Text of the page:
There are thousands of cults around the world, according to Cult Information and Family Support Australia, from religious or secular groups to interpersonal development organisations and multi-level marketing groups. Estimates on the numbers of cults in Australia vary between hundreds to around 3,000.

More recently, Raphael said Australia is facing a rise in Christian-based cult-like groups originating from Asia. These groups are fast-growing, and often target international students around university campuses.

A lengthy trial

Carli ended up working for the New Age group without pay for a decade.
While the group had initially seemed friendly and welcoming, Carli said she was subject to “a process of mind control and coercive control techniques like sleep deprivation, food deprivation and isolation”.

It was only when she left the group that she began to view it as a cult, and her former boss and mentor as a cult leader.

A woman with short brown hair smiles as she hold her baby.

Carli McConkey married and had children in a New Age group she now describes as a cult. Source: Supplied

After self-publishing a book about her experience, Carli was sued by the leader for defamation.

A lengthy civil trial ended in March this year, with a judge in the Supreme Court of Tasmania finding, on the balance of probabilities, that everything Carli wrote and said was “absolutely or substantially true”, including that Carli had been wrongfully indoctrinated into a cult, and had been abused by its leader.
The leader, who is currently a registered psychologist, disagrees with Carli’s account and is appealing some of those findings.
While operating or leading a cult is not illegal in Australia, Carli is hoping that the leader of the New Age group is investigated by authorities for potential breaches of existing laws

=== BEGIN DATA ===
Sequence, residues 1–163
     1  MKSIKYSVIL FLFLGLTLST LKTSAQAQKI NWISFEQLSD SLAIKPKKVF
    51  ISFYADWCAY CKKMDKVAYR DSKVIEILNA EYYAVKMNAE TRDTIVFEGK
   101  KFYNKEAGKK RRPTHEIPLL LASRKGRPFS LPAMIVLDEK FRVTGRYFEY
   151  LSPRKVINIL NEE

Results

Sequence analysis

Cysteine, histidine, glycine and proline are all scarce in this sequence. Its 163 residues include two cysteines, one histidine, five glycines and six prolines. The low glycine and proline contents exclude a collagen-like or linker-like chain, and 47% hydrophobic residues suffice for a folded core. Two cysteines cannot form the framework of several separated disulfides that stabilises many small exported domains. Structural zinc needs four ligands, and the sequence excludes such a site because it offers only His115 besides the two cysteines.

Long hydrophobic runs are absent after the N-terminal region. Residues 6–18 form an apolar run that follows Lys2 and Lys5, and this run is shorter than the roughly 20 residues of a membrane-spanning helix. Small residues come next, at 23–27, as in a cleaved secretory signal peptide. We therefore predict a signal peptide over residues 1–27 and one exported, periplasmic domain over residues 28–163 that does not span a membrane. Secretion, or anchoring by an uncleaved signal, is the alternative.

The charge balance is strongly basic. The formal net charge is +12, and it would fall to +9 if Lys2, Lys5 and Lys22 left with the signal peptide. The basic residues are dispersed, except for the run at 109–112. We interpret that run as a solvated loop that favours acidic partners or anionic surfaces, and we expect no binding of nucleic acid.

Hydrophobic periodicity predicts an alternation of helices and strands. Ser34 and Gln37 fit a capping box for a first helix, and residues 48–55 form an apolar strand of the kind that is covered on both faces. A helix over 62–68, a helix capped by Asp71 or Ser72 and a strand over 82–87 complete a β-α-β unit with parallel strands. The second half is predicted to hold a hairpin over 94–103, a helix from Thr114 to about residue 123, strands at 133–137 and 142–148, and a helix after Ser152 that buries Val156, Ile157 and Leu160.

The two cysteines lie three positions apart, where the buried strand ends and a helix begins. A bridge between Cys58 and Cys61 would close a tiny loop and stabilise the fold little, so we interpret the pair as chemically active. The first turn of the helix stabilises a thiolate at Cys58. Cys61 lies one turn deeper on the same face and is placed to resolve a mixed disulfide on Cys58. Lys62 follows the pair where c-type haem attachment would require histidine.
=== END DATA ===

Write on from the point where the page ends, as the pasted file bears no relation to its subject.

She also believes coercive control legislation should be broadened to include groups such as cults.

‘Absolute torture’

Maria has tried to persuade her daughter to leave the group, to no avail. She remains at a loss on how best to support her.
Police have told Maria they can’t interfere because her daughter is an adult and has a right to her beliefs.
“They basically cannot do anything,” she said.
Raphael says when someone in your family changes at the hands of a cult, it’s “absolute torture”.
“It’s painful to be able to see that children who would love their parents, children who would behave and respect their parents, are simply no longer there.

“They have no relationship, they have no connection.”

For those in that position, Raphael has two pieces of advice.
“One, retain a relationship at all costs. And two, don’t be judgemental.
“And then eventually you get to a point where you can say, ‘I’m concerned about you, I’m worried about you’.”
And for more stories head to Insightful – a new podcast series from SBS, hosted by Kumi Taguchi. From sex and relationships to health, wealth, and grief Insightful offers deeper dives into the lives and first person stories of former guests from the acclaimed TV show, Insight.
Follow Insightful on the , or wherever you get your podcasts.
Tyler Mitchell

By Tyler Mitchell

Tyler is a renowned journalist with years of experience covering a wide range of topics including politics, entertainment, and technology. His insightful analysis and compelling storytelling have made him a trusted source for breaking news and expert commentary.

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2 thoughts on “My daughter has joined a cult. I have no idea how to get her out”
  1. As a mother myself, I can only imagine the heartbreak Maria must be going through. It’s truly concerning how these groups can manipulate and control young individuals. We really need to raise awareness and provide more support for families dealing with these situations.

  2. It’s truly heartbreaking to hear how easily vulnerable individuals can fall into the traps set by cult-like groups. As a society, we should definitely prioritize educating and protecting our youth from such harmful influences.